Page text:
“On a very cold and wintry day in the winter of 1986 … I hauled a model of a placenta to the upper patrol headquarters with many pairs of plastic gloves, posters and visuals for a mock delivery on the mountain,” she said. “I asked for volunteers to check the umbilical cord attached to the placenta for evidence of three vessels, along with demonstrating how to clamp the cord. It was a real experience to see these macho patrollers handling a placenta.
“Needless to say, they learned a lot that afternoon. However, the table was eventually turned when the patrollers asked me to assist on a ski wreck on the mountain. They handed me a tow rope, allowing them to pull me across the mountain on the snow on a snowmobile. Whoa! Whoa! Whoa! They failed to instruct me how to drop the rope and slow down; I was almost their next wreck. They had a lot of chuckles on that run. All in all, strong relationships were built between VVMC nurses and ski patrollers.”
STEADMAN BROUGHT PRESTIGE
Another major milestone in Vail Valley Medical Center’s history came in the late 1980s, when Vail Associates owner George Gillette presented the Vail Valley Medical Center board with the idea of recruiting Dr. Richard Steadman. Steadman was a sports-medicine surgeon to Olympic skiers, famous for pioneering microfracture surgery in the knee.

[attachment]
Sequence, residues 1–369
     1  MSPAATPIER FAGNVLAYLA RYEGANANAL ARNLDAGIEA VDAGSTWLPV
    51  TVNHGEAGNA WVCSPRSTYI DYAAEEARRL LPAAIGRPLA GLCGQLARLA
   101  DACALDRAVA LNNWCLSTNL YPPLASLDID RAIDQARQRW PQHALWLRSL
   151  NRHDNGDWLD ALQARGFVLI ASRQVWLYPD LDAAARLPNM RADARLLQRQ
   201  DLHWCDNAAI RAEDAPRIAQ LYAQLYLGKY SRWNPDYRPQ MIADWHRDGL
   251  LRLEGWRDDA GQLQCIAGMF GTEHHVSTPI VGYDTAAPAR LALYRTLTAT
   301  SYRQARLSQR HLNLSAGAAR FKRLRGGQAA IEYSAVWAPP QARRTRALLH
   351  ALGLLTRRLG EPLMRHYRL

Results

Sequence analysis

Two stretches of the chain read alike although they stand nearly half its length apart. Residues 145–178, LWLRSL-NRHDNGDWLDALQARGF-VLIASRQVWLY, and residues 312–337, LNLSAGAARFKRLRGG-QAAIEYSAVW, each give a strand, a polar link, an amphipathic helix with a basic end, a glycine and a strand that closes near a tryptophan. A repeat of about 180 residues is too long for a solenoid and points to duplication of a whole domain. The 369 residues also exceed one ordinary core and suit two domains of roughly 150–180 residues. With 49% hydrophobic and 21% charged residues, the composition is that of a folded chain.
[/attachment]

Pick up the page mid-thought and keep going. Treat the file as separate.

“It was very exciting to learn about Dr. Steadman’s ACL reconstruction technique,” Kirchner recalled. “It was fun to be part of the clinical team working on such an important project that would forever change the culture and integral parts of VVMC.”
Through many months of discussion and planning, Steadman decided to relocate his practice to Vail in 1990. The hospital added four new operating rooms and patient rooms to accommodate the additional patient volume. In his first year at VVMC, Steadman performed more than 400 surgeries.
“Today, because of the growth of the two orthopedic practices in the valley, VVMC has been able to grow from a small rural hospital to a medical center offering trauma care, invasive cardiac services, a level II nursery and many other high-quality and high-level services,” Kirchner said.
EAST WING NEXT